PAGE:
Generosity Tied to Core Business
Generosity’s relationship to the bottom line
The trend line is clear. Year over year, business executives find increasing ROI for generosity. This year’s data reveals exponential leaps in adoption and attitude of business generosity strategies into core business.
Business executives’ responses indicate overwhelming agreement that business generosity efforts impact key measures of long-term business sustainability. Back in 2019, only 43% of executives said generosity significantly impacted core financial measures. In 2020, 64% executives said generosity played a critical role in overall business health.
Today, 81% of executive respondents say that generosity makes their business more resilient. 80% of executives tie generosity efforts directly to revenue generation, i.e. gaining new customers. 83% agree that generosity helps them attract and retain talent and 88% of executives agree that generosity helps them create the connected, engaged culture that keeps talent.
When we asked Georgia executives, only 1% of respondents said that business generosity is a temporary requirement because of the pandemic. In fact, 86% of executives named business generosity as either an important way of operating a company (57%) or the future of sustainable business (29%). In fact, the majority of executives claimed they are actually enthusiastic about the impact leading with generosity can have on their business (51%). Only 2% expressed feeling pressured to do things that aren’t core to their business.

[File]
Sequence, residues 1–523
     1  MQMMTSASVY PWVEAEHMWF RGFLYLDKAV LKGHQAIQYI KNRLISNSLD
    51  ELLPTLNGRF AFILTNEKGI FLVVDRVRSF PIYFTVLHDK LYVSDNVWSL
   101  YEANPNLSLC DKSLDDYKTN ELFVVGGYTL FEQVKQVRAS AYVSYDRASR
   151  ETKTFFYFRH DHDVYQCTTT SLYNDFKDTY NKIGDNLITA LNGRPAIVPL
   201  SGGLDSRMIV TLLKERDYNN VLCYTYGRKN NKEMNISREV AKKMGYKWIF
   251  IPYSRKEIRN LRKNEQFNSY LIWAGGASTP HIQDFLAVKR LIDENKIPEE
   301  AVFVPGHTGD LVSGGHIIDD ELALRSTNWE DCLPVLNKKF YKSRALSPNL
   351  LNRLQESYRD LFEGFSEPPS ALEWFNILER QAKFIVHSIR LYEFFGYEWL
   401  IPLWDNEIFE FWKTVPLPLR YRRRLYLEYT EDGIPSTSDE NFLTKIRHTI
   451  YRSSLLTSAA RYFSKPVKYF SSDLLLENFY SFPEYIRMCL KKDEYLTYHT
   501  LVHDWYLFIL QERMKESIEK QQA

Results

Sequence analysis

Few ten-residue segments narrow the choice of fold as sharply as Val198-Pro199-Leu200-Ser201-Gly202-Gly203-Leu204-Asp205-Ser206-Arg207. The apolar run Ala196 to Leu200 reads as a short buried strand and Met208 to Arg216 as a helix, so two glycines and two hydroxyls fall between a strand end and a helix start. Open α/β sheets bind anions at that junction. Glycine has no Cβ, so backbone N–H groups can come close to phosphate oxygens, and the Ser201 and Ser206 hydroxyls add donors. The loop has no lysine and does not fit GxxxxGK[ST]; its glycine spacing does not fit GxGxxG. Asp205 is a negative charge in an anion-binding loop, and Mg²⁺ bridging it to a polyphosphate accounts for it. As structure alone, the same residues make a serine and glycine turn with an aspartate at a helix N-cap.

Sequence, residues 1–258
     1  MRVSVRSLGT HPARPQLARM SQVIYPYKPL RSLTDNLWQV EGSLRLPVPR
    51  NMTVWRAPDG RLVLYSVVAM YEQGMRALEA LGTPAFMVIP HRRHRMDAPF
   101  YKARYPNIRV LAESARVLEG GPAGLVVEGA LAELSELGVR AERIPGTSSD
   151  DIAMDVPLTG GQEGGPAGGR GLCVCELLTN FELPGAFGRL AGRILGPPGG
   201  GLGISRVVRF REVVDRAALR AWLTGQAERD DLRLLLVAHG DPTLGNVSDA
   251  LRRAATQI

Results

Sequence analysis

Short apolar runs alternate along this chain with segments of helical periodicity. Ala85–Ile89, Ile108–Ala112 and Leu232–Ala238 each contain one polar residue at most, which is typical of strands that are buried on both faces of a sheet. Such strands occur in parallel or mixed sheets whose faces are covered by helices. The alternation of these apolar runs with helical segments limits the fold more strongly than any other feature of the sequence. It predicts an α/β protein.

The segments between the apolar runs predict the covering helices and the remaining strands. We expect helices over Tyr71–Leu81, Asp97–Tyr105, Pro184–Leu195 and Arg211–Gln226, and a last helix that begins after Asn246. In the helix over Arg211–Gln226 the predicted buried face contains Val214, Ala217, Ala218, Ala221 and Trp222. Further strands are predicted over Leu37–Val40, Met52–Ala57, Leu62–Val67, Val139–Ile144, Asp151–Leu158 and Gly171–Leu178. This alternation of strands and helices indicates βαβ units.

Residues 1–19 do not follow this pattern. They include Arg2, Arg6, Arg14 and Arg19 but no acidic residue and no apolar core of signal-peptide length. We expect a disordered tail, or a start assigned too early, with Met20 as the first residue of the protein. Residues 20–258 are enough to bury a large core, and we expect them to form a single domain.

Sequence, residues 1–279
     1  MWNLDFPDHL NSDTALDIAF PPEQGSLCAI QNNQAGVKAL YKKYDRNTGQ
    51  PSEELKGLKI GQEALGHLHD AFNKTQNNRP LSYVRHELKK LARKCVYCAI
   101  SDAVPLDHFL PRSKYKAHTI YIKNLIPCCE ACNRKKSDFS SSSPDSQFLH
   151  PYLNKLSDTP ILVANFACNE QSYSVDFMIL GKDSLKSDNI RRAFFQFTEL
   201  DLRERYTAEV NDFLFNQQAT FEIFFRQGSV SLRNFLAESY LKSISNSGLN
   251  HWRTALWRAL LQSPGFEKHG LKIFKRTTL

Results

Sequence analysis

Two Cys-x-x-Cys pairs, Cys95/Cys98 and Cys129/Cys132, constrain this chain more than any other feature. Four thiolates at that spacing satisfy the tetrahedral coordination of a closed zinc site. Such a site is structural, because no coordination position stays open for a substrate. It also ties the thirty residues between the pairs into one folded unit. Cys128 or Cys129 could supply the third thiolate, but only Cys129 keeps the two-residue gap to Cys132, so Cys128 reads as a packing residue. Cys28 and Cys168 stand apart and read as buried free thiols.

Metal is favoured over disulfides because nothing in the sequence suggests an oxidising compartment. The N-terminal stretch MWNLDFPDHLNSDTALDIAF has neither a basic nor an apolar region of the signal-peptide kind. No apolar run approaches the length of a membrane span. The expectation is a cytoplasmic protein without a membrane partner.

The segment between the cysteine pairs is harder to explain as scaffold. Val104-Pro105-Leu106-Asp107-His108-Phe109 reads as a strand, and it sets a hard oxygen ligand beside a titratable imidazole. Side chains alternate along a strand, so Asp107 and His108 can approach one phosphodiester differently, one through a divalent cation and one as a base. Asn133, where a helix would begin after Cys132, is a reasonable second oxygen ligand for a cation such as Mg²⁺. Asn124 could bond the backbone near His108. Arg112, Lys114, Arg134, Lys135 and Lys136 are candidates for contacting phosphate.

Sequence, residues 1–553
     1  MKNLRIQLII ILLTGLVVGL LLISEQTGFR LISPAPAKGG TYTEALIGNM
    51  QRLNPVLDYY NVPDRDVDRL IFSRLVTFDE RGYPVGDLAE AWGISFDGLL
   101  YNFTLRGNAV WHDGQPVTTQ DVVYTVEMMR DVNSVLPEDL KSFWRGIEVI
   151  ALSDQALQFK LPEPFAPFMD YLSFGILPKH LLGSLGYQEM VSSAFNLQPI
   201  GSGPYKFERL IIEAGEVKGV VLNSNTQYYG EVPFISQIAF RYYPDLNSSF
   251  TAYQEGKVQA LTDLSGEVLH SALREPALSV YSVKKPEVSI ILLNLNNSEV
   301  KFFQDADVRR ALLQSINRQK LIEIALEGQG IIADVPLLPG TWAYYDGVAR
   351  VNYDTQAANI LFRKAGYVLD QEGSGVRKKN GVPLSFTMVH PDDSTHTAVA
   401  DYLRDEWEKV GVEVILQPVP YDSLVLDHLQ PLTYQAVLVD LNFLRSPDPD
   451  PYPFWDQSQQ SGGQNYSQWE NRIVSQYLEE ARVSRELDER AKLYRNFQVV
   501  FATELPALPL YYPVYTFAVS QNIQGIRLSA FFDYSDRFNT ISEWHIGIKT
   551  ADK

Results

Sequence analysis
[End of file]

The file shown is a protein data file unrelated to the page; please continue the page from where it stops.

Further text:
Generosity’s influence on employees’ decision to stay
goBeyondProfit’s study confirms many executives’ fears that employees are looking for greener pastures with 30% of employee respondents saying they are likely to leave their current job in the next six months.
However, generosity efforts can play a role in helping them stay as generosity continues to rise in importance across employee demographics. In 2019, only the younger cohort of employees (under 35) felt strongly that generosity factored into their decision to work for or stay with a company. By 2021 that number rose, with 60% of all employed adults saying generosity influenced their employment preferences. In this year’s study, a strong number of respondents (63%) say that generosity efforts influence their decision to stay with their current employer. The vast majority (75%) of employed adults claim that it’s very or extremely important to work for a company they perceive as generous, with an additional 20% considering it moderately important.
In fact, women find generosity a far more compelling factor than their male counterparts. Generosity plays a more significant role in employment decisions of younger employees (under 35) and those of color, but what they are looking for in terms of how a company demonstrates generosity is considerably different. (See Chapter Four)
This year’s data shows generosity’s steadily increasing relevance to the core of business. But expectations for how a business demonstrates this generosity to stakeholders has evolved.
In the following chapters, we dig into specifics in order to clarify and define generosity in terms of specific, implementable tactics. You will find concrete actions that define what generosity toward employees looks like versus those actions that define generosity toward the community.